American Heritage® Dictionary of the English Language, Fourth Edition
- n. Any of various carnivorous mammals of the genus Vulpes and related genera, related to the dogs and wolves and characteristically having upright ears, a pointed snout, and a long bushy tail.
- n. The fur of one of these mammals.
- n. A crafty, sly, or clever person.
- n. Slang A sexually attractive person.
- n. Nautical Small cordage made by twisting together two or more strands of tarred yarn.
- n. Archaic A sword.
- v. To trick or fool by ingenuity or cunning; outwit.
- v. To baffle or confuse.
- v. To make (beer) sour by fermenting.
- v. To repair (a shoe) by attaching a new upper.
- v. Obsolete To intoxicate.
- v. To act slyly or craftily.
- v. To turn sour in fermenting. Used of beer.
Century Dictionary and Cyclopedia
- n. A carnivorous quadruped of the family Canidœ and of the vulpine or alope-coid series of canines, especially of the restricted genus Vulpes, as V. vulgaris of Europe. This animal is much smaller than the wolf, with a pointed muzzle, erect ears, elongated pupils of the eyes, long, straight, bushy tail tipped with white, and mostly reddish-yellow or fulvous pelage. It is proverbially cunning, burrows in the ground, preys on lambs, poultry, and other small animals, and is the principal object of the chase in some countries, as Great Britain. It is more fully known as the red fox, and runs into several varieties, as the crossfox, silver or silver-gray fox, black fox, etc. The common fox of North America is very similar to the red fox of Europe, being probably not speciflcally distinct. There are many other true foxes, or species of Vulpes proper, in different parts of the world, one of the most notable of which is the arctic fox or isatis, V. lagopus, which is of a dark color, and turns white in winter. (See cut of arctic fox, under arctic.) The corsak or adive (V. corsac) of Tatary and India is one of a group of small foxes, represented in North America by the kit or swift fox, V. velox. (See cut under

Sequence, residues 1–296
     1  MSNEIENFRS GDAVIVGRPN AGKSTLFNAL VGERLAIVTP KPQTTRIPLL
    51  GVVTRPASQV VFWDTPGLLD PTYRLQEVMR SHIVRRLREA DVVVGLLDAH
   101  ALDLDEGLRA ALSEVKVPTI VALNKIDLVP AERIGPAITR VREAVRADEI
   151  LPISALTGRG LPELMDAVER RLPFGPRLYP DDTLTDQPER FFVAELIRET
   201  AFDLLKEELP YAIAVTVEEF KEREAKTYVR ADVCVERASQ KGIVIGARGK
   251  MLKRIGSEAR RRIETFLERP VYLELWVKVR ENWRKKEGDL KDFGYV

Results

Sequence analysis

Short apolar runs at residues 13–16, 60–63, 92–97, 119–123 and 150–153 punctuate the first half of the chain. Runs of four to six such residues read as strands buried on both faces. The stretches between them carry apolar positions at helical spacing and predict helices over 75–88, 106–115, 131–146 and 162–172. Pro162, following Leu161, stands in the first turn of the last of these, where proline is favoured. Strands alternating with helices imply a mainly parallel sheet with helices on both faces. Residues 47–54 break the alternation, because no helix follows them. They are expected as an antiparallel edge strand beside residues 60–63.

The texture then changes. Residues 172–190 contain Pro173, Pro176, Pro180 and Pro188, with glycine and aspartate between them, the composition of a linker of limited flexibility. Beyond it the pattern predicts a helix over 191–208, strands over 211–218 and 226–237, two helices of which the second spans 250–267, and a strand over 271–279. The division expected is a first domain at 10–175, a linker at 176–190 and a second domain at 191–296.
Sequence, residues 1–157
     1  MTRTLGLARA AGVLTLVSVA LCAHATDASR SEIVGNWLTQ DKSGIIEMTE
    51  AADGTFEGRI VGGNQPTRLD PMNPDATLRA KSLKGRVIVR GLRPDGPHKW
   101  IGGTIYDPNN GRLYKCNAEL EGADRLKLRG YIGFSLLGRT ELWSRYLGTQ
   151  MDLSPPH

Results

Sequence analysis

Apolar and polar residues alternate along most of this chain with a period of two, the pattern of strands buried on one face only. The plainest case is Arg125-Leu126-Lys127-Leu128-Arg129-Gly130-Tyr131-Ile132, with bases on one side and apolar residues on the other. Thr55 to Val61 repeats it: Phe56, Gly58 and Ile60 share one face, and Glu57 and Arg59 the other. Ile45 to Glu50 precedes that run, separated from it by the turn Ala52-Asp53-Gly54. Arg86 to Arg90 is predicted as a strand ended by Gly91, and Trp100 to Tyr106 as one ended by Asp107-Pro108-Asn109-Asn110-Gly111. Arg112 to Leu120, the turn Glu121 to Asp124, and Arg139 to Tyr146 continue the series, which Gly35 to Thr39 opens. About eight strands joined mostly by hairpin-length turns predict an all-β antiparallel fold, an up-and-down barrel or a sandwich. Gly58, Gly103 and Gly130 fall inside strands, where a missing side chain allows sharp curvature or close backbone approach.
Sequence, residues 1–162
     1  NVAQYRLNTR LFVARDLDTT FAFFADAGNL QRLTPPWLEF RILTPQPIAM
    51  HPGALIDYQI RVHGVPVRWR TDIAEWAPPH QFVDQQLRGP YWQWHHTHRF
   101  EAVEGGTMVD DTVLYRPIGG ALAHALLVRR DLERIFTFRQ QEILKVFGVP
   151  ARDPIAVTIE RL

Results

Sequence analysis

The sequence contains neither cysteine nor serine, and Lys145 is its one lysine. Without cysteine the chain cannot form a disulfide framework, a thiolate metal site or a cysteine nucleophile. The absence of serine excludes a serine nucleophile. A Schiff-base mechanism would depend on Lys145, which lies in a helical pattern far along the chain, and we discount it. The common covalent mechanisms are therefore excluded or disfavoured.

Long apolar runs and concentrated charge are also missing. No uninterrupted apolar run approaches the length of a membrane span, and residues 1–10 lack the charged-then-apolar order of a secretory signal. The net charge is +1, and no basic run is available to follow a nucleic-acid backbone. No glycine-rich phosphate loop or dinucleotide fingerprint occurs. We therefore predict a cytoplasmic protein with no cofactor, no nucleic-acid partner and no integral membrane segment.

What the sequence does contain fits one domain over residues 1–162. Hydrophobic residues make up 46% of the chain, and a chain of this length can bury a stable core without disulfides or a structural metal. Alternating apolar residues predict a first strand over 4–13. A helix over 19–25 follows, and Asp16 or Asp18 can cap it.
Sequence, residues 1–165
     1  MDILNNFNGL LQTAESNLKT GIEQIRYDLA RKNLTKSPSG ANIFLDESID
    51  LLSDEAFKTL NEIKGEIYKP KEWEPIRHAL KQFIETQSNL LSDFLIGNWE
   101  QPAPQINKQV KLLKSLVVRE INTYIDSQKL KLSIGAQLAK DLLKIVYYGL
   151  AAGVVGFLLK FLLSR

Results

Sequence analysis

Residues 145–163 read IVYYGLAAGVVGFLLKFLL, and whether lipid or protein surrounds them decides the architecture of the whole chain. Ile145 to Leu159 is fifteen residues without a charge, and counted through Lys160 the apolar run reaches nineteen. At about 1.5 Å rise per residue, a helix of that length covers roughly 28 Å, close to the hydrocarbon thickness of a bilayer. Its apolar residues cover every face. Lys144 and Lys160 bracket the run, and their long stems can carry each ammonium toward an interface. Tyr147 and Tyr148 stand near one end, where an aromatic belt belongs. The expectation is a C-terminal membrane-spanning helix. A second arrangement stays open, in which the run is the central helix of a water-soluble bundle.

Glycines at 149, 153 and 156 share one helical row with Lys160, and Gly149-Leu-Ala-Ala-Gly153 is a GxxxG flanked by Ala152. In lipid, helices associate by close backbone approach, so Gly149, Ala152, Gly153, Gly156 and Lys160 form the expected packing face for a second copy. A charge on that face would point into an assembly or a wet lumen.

corsak.) The gray fox of the United States is sufficiently different to have been placed in another genus, Urocyon (as U. cinereo-argentatus), to which the coast-fox of California (U.littoralis) also belongs. (The related animals of South America are thooid, not alopecoid, and are known as fox-wolves, of the genera Lycalopex and Pseudalopex.) The fennecs are small African foxes, closely allied to Vulpes proper, but commonly placed in a different genus, Fennecus. (See cut under fennec.) Resembling these externally, but structurally different, is the African fox, Megalotis or Otocyon lalandi, a generalized from representing a different subfamily Megalotinœ. The tail of the fox is called the brush. In the English Bible the word fox refers in some places to the jackal, in others to the fox. See reynard.
- n. Hence A sly, cunning fellow.
- n. The gemmous dragonet: chiefly applied to the females and young males. Also called foxfish. [Local, Eng.]
- n. Nautical, a seizing made by twisting several rope-yarns together and rubbing them down.
- To hunt the fox.
- To employ crafty means; act with dissimulation.
- To steal.
- To become discolored: said of timber or of paper. See foxed, foxfire.